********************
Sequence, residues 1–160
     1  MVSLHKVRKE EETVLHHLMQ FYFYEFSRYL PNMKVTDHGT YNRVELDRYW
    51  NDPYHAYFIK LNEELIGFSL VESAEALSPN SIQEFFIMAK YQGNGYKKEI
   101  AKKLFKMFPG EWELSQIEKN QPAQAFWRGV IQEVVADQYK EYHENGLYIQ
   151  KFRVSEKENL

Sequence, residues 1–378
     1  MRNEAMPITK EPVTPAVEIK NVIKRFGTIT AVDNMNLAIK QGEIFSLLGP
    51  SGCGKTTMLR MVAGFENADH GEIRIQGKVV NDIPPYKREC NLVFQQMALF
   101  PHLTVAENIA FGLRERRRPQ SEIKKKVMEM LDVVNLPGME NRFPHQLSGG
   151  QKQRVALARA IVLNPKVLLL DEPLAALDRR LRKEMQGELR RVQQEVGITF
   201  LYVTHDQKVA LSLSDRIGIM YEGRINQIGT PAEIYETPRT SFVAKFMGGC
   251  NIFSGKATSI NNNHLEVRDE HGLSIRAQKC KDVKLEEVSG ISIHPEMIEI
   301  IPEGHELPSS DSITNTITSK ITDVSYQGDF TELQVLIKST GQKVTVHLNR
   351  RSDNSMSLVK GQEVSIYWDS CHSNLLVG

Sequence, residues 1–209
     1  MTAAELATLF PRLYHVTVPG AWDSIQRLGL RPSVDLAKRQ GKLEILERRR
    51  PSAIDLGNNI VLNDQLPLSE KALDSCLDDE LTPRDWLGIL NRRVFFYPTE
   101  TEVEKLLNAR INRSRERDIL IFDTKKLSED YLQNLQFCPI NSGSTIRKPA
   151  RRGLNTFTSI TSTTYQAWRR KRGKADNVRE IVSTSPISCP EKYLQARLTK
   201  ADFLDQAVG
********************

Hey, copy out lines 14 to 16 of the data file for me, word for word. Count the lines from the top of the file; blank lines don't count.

   351  RSDNSMSLVK GQEVSIYWDS CHSNLLVG

Sequence, residues 1–209
     1  MTAAELATLF PRLYHVTVPG AWDSIQRLGL RPSVDLAKRQ GKLEILERRR